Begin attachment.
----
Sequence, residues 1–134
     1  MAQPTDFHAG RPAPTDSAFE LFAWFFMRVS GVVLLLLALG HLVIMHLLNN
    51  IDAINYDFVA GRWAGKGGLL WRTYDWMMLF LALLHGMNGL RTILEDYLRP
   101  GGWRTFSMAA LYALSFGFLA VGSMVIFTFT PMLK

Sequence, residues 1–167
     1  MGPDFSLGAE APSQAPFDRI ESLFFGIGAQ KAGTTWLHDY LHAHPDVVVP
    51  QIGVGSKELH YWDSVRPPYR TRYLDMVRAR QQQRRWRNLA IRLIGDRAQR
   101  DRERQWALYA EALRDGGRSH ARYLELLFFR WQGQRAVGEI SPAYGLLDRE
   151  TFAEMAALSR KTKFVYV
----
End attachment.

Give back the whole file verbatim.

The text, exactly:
Sequence, residues 1–134
     1  MAQPTDFHAG RPAPTDSAFE LFAWFFMRVS GVVLLLLALG HLVIMHLLNN
    51  IDAINYDFVA GRWAGKGGLL WRTYDWMMLF LALLHGMNGL RTILEDYLRP
   101  GGWRTFSMAA LYALSFGFLA VGSMVIFTFT PMLK

Sequence, residues 1–167
     1  MGPDFSLGAE APSQAPFDRI ESLFFGIGAQ KAGTTWLHDY LHAHPDVVVP
    51  QIGVGSKELH YWDSVRPPYR TRYLDMVRAR QQQRRWRNLA IRLIGDRAQR
   101  DRERQWALYA EALRDGGRSH ARYLELLFFR WQGQRAVGEI SPAYGLLDRE
   151  TFAEMAALSR KTKFVYV